Paul F. Pilch

photoProfessor
Associate Director, Graduate Program in Molecular Medicine

Boston University School of Medicine
Silvio Conte Building, K603
72 E. Concord Street
Boston, MA 02118

Phone: 617-638-4044
Lab Phone:
617-638-4045
Fax: 617-638-4208
Email:
ppilch@bu.edu

Joint Appointment: Department of Medicine

Education

BA, Temple University, Philadelphia, PA
PhD, Purdue University, W. Lafayette, IN

BU Profile

People

Collete LaFlamme
Student
Shiying Ding
Postdoctoral Associate
Libin Liu
Instructor
Alessandro Peschechera
Postdoctoral Associate

Research Interests

Cell biology of adipocytes and muscle

Fat cells or adipocytes play a key role in the regulation of metabolism by insulin and other hormones, and the study of this role at many levels constitutes a major activity of modern cellular and molecular biology. Adipocytes have an unusually high number of plasma membrane micro-domains called caveolae, invaginations resembling little caves, which comprise 50% of their cell surface. We have engineered mice to lack a protein component of caveolae, cavin-1, which leads to a total loss of caveolae in in all tissues and results in profound insulin resistance, lipo- and muscular dystrophy, pathologies identical to those resulting from functional loss of caveolae in humans. We are studying this physiologically relevant mouse model of multiple pathologies to understand the functions of caveolae and their roles in cellular functions in three organs, adipose, skeletal muscle and heart, all of which are dysfunctional. The broader functions affected by caveolae in a variety of cells include motility, cell surface dynamics/mechano-transduction and membrane repair, and we study these roles of caveolae as well.Pilchresearch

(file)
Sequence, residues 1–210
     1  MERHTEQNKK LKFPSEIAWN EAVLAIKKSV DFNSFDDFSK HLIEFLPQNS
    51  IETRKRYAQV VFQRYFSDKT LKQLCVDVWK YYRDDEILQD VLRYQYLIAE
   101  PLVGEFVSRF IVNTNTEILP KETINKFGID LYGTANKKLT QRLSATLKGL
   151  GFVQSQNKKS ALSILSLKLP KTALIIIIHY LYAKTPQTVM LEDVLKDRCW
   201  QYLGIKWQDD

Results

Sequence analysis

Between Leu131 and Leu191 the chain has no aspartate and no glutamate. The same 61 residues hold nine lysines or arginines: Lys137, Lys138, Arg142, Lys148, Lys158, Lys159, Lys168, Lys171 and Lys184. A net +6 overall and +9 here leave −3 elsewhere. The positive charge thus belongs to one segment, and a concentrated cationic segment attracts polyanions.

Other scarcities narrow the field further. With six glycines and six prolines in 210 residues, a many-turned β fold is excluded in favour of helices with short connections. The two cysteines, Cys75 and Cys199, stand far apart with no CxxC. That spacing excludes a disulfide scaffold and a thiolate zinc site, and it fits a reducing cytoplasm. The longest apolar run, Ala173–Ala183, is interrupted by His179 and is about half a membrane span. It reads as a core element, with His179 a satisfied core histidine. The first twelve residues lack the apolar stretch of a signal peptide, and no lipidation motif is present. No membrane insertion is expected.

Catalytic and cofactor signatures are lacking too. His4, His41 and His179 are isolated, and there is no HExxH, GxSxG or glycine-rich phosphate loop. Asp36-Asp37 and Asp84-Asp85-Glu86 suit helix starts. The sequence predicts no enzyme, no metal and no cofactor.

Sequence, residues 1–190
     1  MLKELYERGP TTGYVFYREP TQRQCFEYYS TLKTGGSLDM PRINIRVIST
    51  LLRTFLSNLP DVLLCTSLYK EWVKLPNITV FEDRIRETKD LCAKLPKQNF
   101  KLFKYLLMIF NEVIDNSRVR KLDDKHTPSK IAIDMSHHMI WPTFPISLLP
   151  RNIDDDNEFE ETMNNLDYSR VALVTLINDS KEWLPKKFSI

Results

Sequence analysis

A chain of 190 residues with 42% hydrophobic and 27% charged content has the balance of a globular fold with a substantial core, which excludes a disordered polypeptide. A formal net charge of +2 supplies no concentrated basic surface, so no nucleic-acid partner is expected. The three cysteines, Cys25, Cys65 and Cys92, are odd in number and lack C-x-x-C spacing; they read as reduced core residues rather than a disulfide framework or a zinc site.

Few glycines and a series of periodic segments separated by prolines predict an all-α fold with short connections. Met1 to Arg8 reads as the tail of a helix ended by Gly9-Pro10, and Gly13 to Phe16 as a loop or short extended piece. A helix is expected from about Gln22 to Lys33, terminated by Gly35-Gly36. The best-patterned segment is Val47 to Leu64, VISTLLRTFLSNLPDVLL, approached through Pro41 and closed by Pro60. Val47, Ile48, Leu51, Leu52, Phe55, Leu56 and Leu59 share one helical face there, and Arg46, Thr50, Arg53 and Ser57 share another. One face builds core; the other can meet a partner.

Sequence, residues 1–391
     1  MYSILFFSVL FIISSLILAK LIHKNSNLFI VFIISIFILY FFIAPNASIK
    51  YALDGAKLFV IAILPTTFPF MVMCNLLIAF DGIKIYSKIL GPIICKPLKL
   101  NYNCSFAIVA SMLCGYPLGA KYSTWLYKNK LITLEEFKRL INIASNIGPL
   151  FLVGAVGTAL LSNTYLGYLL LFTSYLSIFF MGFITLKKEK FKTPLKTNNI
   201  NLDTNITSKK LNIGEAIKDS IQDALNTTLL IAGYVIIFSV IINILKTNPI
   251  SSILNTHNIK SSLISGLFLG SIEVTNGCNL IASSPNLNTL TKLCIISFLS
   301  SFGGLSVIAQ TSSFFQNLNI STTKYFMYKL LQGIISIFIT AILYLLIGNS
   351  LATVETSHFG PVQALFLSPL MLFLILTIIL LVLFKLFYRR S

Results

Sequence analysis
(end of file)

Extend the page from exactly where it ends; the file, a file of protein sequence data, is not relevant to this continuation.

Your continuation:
Adipose tissue is a robust endocrine organ that makes and secretes hormone-like proteins called adipokines, e.g., leptin and adiponectin, which in turn have profound affects on overall metabolism and energy balance. We have identified in the adipocyte endoplasmic reticulum (E.R.), a resident protein we call adiporedoxin (see the Figure) that is most highly expressed in fat cells. In vitro, adiporedoxin loss and over expression cause decreases and increases in secretion of adiponectin, respectively, and its manipulation affects many other secreted proteins in a similar manner. We created mice null for adiporedoxin, and they have a reduced level of circulating adiponectin, a marker for insulin sensitivity, and they develop glucose intolerance/insulin resistance on a high fat diet.  Data from human adipocytes show adiporedoxin expression also correlates positively with insulin sensitivity. We are exploiting our mouse model, cultured murine and human fat cells to further understand the mechanism of adiporedoxin’s actions and its affects on metabolic regulation.

Research Themes

Metabolism, Obesity/Diabetes

Representative Publications:

PubMed